In the example of the hypothetical supplier of medical drugs, the market served consisted of just one cell or segment. The total market, however, comprises several market segments. In other words, the market is not homogeneous, but rather is made up of separate cells of demand preferences. As Proctor4 points out, the marketer’s approach must be based on the acceptance that ‘there are different demands in the market place’. It is this heterogeneity of markets that gives rise to the need for effective segmentation, targeting and positioning; three distinct steps in the process of what is known collectively as target marketing.
The meaning and importance of target marketing
The concept of target marketing is a logical interpretation of the basic philosophy of marketing. Essentially, it comprises the identification of different needs for specific groups or segments of customers, deciding which of these groups the organization should target or serve (and on what basis) and then designing marketing mix programmes so the needs of these targeted groups are then more closely met.
As explained above target marketing derives from the fact that demand within markets is heterogeneous. In the ‘total’ market for a product or service, different groups of customers will be looking for different clusters of benefits. In order to understand this better, you should reflect on the products and services you purchase. Do you purchase exactly the same kind of products as your friends and neighbours? Are your specific requirements with respect to purchasing certain products and brands different? Perhaps your friends and neighbours have different tastes in clothes or in the type of holidays they take. Perhaps they purchase and drive different cars or use different brands of toothpaste or breakfast cereals. Market segmentation, targeting and positioning starts by recognizing that within the total demand and market for a product, specific tastes and requirements often differ. We refer to a market that is characterized by differing specific preferences as being heterogeneous.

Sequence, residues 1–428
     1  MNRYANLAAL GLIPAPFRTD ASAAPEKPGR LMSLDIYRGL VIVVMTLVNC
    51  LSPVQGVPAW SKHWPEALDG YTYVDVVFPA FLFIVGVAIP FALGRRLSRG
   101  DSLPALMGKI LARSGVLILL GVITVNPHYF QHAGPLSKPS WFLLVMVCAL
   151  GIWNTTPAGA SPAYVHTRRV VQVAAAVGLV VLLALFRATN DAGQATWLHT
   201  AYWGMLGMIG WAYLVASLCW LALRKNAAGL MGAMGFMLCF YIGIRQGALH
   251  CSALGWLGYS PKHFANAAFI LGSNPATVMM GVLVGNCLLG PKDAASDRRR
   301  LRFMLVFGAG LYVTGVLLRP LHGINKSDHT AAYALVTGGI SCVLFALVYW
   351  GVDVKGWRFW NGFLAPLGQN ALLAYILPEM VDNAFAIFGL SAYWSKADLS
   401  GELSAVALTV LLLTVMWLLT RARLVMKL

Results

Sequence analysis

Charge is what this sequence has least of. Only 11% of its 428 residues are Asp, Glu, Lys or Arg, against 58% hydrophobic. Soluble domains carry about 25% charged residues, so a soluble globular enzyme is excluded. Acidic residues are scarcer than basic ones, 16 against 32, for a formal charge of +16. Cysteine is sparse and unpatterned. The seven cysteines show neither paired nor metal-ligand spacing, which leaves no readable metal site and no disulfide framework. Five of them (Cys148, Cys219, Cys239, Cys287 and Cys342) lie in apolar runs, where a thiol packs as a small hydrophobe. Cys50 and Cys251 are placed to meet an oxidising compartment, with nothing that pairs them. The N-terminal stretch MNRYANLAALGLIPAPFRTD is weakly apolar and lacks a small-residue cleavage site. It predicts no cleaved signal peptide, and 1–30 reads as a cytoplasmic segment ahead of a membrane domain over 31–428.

Market segmentation therefore breaks down the total market for a product or service into distinct patterns or segments of customers who share similar demand preferences within each segment.
there is no market segmentation. Each and every customer in the total market is assumed to have similar demand preferences and wants, i.e. demand is homogeneous. In fact demand in most markets is heterogeneous as we have already explained. Hence, the total market can be broken down into segments of customers.
Effective segmentation is achieved when we group together customers who share similar patterns of demand and where we can differentiate each segment in the pattern of demand from other segments in the market. In other words, effective segmentation is achieved when the clustering gives rise to homogeneous demand within, and heterogeneous demand between, each segment. Most markets are capable of being segmented.
The meaning of market segments
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Marketing Management Tutorial
Development Of A Strategic Approach To Marketing: Its Culture; Internal Macro- And External Micro-environmental Issues
Markets And Customers: Consumer And Organizational Buyer Behaviour And Marketing Strategy
Markets And Customers: Market Boundaries; Target Marketing
Product And Innovation Strategies
Channels Of Distribution And Logistics
Customer Care And Relationship Marketing
Marketing Information Systems And Research
Analysing The Environment: (opportunities And Threats) And Appraising Resources (strengths And Weaknesses)
Evaluating And Controlling Strategic Marketing
Strategic Marketing Planning Tools
Services Marketing And Not-for-profit Marketing
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